Wed November 6, 2013

Did Coaches Encourage Incognito's Bullying?

Originally published on Wed November 6, 2013 2:10 pm

Hazing and bullying are commonly found in schoolyards and fraternities. But pro sports? The NFL is investigating possible harassment within the Miami Dolphins between veteran guard Richie Incognito and offensive tackle Jonathan Martin. Host Michel Martin speaks with sportswriter Kevin Blackistone about the culture of bullying and hazing within the NFL.

Politics
12:04 pm
Wed November 6, 2013

Detroit Mayor 'Asked To Save City While Holding Kryptonite'

Originally published on Wed November 6, 2013 2:10 pm

Transcript

MICHEL MARTIN, HOST:

Read more
Shots - Health News
12:03 pm
Wed November 6, 2013

A New Look At An Old Epilepsy Drug Yields Treatment Clue

In epilepsy, the normal behavior of brain neurons is disturbed. The drug valproic acid appears to help the brain replenish a key chemical, preventing seizures.
David Mack/Science Source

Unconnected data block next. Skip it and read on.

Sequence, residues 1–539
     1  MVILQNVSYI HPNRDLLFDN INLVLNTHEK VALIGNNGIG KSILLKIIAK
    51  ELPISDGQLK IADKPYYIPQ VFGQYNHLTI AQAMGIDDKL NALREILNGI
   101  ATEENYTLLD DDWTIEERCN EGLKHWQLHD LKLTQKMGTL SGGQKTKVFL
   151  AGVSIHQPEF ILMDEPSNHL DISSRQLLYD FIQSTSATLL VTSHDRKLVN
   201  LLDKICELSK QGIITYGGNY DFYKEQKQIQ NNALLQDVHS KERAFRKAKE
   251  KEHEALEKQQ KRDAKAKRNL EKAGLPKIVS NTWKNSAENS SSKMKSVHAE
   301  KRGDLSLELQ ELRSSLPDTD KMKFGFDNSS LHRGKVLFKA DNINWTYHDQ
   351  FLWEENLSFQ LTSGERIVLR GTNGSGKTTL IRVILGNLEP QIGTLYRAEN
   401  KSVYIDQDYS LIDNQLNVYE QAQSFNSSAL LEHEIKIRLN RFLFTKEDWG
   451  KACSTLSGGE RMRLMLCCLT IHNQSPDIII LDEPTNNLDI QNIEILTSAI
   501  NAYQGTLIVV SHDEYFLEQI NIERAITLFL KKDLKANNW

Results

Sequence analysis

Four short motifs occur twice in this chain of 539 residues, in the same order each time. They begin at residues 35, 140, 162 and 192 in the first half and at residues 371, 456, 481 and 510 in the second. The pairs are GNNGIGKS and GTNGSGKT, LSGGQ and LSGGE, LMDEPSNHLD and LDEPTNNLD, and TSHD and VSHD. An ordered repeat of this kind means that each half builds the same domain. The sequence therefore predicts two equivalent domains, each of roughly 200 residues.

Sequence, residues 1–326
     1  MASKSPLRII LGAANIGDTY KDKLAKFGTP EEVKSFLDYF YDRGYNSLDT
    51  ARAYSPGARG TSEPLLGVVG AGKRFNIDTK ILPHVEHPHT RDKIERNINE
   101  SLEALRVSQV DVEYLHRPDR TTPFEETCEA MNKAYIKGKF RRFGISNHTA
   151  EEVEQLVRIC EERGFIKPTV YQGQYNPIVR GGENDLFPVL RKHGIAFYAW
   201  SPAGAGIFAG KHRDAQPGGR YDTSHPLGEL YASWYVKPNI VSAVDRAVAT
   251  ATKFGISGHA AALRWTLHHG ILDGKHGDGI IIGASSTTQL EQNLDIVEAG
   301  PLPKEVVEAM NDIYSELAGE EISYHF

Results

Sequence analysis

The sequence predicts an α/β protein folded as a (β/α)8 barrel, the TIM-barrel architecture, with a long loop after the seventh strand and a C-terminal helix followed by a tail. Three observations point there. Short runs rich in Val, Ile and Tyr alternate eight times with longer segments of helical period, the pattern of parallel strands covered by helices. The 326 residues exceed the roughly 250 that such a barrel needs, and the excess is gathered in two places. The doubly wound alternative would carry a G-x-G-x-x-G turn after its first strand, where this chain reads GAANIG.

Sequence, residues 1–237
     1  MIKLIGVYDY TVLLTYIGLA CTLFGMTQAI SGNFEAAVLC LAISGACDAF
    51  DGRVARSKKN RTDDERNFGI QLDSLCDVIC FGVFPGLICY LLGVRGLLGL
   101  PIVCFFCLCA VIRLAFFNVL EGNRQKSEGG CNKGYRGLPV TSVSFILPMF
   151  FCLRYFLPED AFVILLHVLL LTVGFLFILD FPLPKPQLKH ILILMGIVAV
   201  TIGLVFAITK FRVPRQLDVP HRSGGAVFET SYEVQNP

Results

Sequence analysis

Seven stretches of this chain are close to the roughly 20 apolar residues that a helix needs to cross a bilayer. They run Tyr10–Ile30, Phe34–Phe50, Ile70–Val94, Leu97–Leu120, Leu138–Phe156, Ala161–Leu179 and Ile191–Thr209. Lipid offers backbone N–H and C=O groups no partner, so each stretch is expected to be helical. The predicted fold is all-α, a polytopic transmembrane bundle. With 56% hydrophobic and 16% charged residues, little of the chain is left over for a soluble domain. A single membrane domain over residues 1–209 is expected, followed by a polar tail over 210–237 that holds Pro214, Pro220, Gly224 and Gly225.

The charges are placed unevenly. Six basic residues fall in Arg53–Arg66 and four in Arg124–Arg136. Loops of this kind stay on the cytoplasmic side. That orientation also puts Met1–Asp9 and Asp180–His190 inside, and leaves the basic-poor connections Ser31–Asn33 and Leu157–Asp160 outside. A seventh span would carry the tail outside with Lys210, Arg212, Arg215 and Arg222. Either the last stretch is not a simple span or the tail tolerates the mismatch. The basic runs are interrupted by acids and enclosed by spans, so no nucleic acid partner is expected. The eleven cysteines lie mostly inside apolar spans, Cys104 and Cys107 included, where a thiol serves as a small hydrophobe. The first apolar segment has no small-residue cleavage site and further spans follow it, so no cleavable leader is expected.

Originally published on Wed November 6, 2013 4:38 pm

About one-third of people with epilepsy aren't helped by existing drugs.

But a commonly prescribed medicine used for almost 50 years to treat the disorder has revealed new information about how the disorder works that could lead to improvements in treatments.

That drug, valproic acid, is used to treat epilepsy, migraines and bipolar disorder. It's the active ingredient in drugs like as Depakote or Depakon, among other names.

Read more
Intelligence Squared U.S.
11:58 am
Wed November 6, 2013

Should Anyone Be Able To Take A Job Anywhere?

Kathleen Newland and Ron Unz argued against the motion "Let Anyone Take A Job Anywhere" in an Intelligence Squared U.S. debate on Oct. 30.
Samuel LaHoz Intelligence Squared U.S.

Originally published on Wed November 6, 2013 3:22 pm

  • Listen To The Full Audio Of The Debate
  • Listen To The Broadcast Version Of The Debate

In a global economy, does it make sense to allow workers to move freely?